Herbal medicines: anticoagulation effects


Garlic is used for its potential to prevent atherosclerosis by reducing blood pressure, thrombus formation, and serum lipid and cholesterol levels. The development of concentrated garlic preparations has made it possible for patients to take otherwise unachievable high doses, which may increase the risk of adverse effects.

The pharmacologic effects of garlic are primarily attributed to organosulfur compounds. Several of these compounds inhibit platelet aggregation in a dose-dependent manner. The inhibition of platelet aggregation appears to be irreversible and may potentiate the effect of other compounds such as prostacyclin and indomethecin. The mechanism by which these effects occur is unknown, although some studies have implicated the cyclooxygenase pathway and direct interaction with the platelet fibrinogen receptor.

The potential for irreversible inhibition of platelet function warrants the discontinuation of garlic at least 7 days before surgery, especially if intraoperative or postoperative bleeding is a concern or other platelet inhibitors are used.

Ginkgo is used by patients with cognitive disorders, peripheral vascular disease, age-related macular degeneration, vertigo, tinnitus, erectile dysfunction, and altitude sickness. The compounds believed to be responsible for ginkgo’s pharmacologic effects are the terpenoids and flavonoids. These compounds alter vasoregulation, act as antioxidants, modulate neurotransmitter and receptor activity, and inhibit platelet-activating factor.

Based on the pharmacokinetic data and the risk of bleeding, ginkgo should be discontinued at least 36 hours before surgery.

Ginseng has been used for virtually every purpose, including to promote health, immune function, endocrine function, athletic performance, and cognitive function and to treat cardiovascular disease, diabetes mellitus, cancer, impotence, and viral infections.

Most pharmacologic effects of ginseng are attributed to the ginsensosides, a group of compounds that act as steroid hormones. It is not known, however, whether long-term use of ginseng can cause the well-described complications of long-term steroid use.

Ginsenosides inhibit platelet aggregation in vitro and prolong the PT and PTT in animal studies. They also lower postprandial blood glucose in patients with type 2 diabetes mellitus. Although it has great therapeutic potential, it can also create unintended hypoglycemia. (patients fasting preoperatively)

The pharmacokinetics of ginsenosides suggest that patients should discontinue ginseng use at least 24 hours before surgery, but discontinuation at least 7 days before surgery is preferred because of the potential for irreversible platelet inhibition.

Saw Palmetto is used to treat symptoms associated with BPH.

The pharmacologic activity of saw palmetto has not been attributed to a single compound. Multiple mechanisms of action have been proposed to explain its therapeutic effects: inhibition of estrogen receptors, blocking prolactin receptor signal transduction, interference with fibroblast proliferation, induction of apoptosis, inhibition of α1-adrenergic receptors, and anti-inflammatory effects. Saw Palmetto has been associated with excessive intraoperative bleeding. This is attributed to saw palmetto’s anti-inflammatory effects, specifically the inhibition of cyclooxygenase and subsequent platelet dysfunction.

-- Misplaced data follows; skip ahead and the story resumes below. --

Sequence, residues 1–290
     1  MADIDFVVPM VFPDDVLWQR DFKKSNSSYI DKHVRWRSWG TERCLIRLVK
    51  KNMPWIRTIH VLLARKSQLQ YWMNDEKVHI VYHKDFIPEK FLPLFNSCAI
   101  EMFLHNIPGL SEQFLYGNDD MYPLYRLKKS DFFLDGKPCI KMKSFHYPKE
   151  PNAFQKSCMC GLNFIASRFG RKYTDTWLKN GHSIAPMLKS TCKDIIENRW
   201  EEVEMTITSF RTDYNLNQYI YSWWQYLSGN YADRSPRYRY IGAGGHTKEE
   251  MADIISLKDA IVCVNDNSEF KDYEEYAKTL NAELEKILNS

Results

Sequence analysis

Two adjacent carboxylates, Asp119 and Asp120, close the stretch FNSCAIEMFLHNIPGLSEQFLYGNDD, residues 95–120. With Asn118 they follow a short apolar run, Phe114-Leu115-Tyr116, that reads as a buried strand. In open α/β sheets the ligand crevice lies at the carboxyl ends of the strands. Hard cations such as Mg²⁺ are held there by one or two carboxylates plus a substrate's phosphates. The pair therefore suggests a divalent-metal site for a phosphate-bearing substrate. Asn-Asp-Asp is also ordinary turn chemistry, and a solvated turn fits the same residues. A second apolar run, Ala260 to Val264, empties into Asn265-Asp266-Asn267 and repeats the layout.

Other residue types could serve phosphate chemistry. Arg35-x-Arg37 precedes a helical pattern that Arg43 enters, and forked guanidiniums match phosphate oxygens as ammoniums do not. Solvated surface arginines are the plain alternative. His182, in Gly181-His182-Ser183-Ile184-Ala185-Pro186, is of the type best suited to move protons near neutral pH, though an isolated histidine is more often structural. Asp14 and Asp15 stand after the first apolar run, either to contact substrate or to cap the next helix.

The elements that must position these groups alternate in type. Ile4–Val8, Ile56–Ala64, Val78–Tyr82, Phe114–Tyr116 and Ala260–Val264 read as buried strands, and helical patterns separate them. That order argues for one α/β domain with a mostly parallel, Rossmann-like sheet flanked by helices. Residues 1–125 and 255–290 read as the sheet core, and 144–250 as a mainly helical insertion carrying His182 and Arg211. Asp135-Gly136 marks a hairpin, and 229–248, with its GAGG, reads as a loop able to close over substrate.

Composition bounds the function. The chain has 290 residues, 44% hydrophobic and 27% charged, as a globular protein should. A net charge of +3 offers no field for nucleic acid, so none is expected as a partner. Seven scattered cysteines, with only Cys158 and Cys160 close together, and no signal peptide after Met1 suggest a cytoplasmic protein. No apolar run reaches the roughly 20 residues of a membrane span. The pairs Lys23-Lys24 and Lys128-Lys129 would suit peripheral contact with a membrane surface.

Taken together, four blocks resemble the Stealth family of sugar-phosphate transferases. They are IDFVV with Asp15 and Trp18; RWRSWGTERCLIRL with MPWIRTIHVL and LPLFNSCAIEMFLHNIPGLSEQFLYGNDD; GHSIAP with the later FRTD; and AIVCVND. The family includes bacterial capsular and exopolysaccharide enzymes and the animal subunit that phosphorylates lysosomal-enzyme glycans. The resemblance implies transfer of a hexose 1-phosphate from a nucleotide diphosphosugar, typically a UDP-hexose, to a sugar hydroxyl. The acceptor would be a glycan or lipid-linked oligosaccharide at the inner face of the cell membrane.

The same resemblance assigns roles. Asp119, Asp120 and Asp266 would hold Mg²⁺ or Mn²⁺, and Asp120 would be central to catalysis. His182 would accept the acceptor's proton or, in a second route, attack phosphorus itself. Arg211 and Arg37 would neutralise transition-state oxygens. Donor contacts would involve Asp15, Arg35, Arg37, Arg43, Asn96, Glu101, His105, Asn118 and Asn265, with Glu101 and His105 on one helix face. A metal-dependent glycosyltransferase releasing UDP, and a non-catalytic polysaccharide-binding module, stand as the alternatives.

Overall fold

Because there are no pharmacokinetic data for saw palmetto, specific recommendations for preoperative discontinuation cannot be made.

Herbal Medicines

  • Garlic: inhibits platelet aggregation (organosulfur), discontinue for seven days
  • Ginkgo: inhibits platelet activating factor (terpenoids, flavonoids), discontinue for thirty six hours
  • Ginseng: inhibits platelet aggregation and lowers blood glucose (ginsensosides [mimic steroids]). Check PT/PTT/glucose, d/c for 24 hours (preferably seven days)
  • Saw Palmetto: associated with excessive intraoperative bleeding (mechanism unknown, likely multiple), in the absence of pharmacokinetic data, no recommendations re: preoperative continuation can be made

Herbal medicines that increase the risk of bleeding:

  • Black Cohosh: Claims to be useful for menopausal symptoms. Contains small amounts of anti-inflammatory compounds, including salicylic acid. Theoretically could have intrinsic/additive antiplatelet activity.
  • Chamomile: Claims to reduce inflammation and fever, to be a mild sedative, relieve stomach cramps. Increases risk of bleeding because it contains phytocoumarins, which have additive effects with warfarin.
  • Feverfew: Claims to prevent migraines. Increases the risk of bleeding because it individually inhibits platelet aggregation, has additive effects with other antiplatelet drugs. Also additive effects with warfarin.
  • Fish Oil: Claims to prevent/treat atherosclerotic CV disease (800-1500mg/day). Also used to decrease triglycerides (>4g/day). Dose dependent bleeding risk increases with dose >3g/day.
  • Garlic, Ginger, Ginko, Ginseng: Increases bleeding risk by interacting with antiplatelet drugs to inhibit platelet aggregation and inhibit fibrinolysis. Also augments warfarin.

Herbal medicines that increase clotting risk:

  • Coenzyme Q10: Claims to enhance insulin sensitivity in diabetics, and as an antioxidant to act as an anticancer medication. Decreases response to warfarin.
  • Goldenseal: Has some antiseptic properties for mouth sores, eye sores, and vaginal infections. Increases risk of thromboembolism by opposing effects of warfarin and heparin.
  • St. John’s Wort: For use as an MAOI, for patients with mild to mod depression. Increases thromboembolism risk by reducing blood levels of warfarin.

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